They bought a luxuriously large house in the artistic Jewish Quarter, an indulgence that later contributed to his financial ruin. Tragedy too soon eclipsed this happy period. In the 1630s, the couple’s first three children died shortly after birth—only their fourth child Titus survived to adulthood. Then, shortly after Titus’s birth, dear wife Saskia died, possibly of tuberculosis. Rembrandt’s drawings of Saskia on her sick and death bed are among his most moving works.
After Saskia’s death, Rembrandt kept other female companions, including Geertje Dircx, who worked as Titus’s nanny, and Hendrickje Stoffels, who began as Remrandt’s maid. Even with small new found joys, Rembrandt could not escape emotional hardship. Soon after birthing a healthy baby girl, Rembrandt’s faithful companion Hendrickje passed away. Then, just after marrying in 1668, Rembrandt’s song Titus and his young wife both died.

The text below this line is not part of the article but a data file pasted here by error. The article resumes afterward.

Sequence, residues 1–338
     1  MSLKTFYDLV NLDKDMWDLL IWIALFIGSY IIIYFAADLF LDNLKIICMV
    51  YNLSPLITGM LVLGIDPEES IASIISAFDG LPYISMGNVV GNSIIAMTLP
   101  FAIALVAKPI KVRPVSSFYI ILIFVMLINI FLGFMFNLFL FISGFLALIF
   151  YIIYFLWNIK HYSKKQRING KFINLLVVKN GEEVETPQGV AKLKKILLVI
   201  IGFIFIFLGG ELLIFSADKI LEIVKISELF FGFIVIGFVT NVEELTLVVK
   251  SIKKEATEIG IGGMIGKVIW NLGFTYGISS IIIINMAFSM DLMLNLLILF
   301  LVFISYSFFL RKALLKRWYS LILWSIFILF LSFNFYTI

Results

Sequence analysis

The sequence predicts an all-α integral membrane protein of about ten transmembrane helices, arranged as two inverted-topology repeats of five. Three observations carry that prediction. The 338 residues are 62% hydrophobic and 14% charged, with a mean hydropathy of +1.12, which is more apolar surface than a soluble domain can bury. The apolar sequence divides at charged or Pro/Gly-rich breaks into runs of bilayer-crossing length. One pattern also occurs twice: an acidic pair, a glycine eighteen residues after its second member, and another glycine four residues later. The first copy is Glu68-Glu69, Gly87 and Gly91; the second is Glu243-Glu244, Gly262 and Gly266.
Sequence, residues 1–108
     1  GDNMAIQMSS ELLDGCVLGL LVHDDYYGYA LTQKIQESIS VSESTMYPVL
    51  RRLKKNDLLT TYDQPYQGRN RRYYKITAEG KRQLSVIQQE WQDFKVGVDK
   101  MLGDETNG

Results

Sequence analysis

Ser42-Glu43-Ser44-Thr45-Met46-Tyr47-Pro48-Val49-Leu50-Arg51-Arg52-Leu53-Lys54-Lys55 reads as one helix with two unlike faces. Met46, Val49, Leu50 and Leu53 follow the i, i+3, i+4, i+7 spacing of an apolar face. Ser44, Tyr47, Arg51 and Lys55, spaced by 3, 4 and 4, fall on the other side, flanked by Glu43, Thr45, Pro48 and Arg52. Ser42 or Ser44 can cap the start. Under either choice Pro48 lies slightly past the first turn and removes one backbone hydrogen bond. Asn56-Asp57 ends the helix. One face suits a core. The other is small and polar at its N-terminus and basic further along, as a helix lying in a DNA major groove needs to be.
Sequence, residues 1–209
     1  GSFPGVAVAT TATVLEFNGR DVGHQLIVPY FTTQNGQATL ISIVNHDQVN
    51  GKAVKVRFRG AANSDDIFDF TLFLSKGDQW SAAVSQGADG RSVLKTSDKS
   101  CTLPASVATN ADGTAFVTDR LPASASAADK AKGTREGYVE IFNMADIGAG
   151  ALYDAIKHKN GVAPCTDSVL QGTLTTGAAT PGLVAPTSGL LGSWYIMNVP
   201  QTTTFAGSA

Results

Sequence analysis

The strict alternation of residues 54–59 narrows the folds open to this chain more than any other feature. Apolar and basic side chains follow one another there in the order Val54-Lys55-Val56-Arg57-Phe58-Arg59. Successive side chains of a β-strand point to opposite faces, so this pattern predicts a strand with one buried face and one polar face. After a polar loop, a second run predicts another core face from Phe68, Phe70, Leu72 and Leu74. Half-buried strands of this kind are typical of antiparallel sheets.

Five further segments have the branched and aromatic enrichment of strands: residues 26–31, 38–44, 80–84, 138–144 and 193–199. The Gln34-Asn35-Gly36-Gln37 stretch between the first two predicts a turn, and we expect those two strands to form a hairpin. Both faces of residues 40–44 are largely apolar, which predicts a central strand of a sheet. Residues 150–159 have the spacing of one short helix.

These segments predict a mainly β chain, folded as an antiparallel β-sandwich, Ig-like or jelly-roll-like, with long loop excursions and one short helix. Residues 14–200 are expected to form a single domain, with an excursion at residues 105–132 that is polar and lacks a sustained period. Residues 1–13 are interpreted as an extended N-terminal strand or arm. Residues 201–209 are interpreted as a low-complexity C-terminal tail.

The artist was once again all but alone. Throughout his life, Rembrandt lived beyond his means, buying art (including bidding up his own work), prints (often used in his paintings) and rarities, which probably caused a court arrangement to avoid his bankruptcy in 1656 when he sold most of his paintings and a large collection of antiquities. The sale list survives and gives good insight into his collections, which included Old Master paintings and drawings, busts of the Roman Emperors, suits of Japanese armor among and assorted Asian objects, and collections of natural history and minerals.
In spite of his personal tragedies, Rembrandt never ceased working, the one constant in his life. As an artist, he made no compromises. Indeed, first and foremost, his life was dedicated to his passion for creating art. Throughout his whole work, Rembrandt accepted all variations of man, woman, and land that lay to his hand. He never sought the external ideal of beauty, which he felt lacked the distinct voice of true humanity.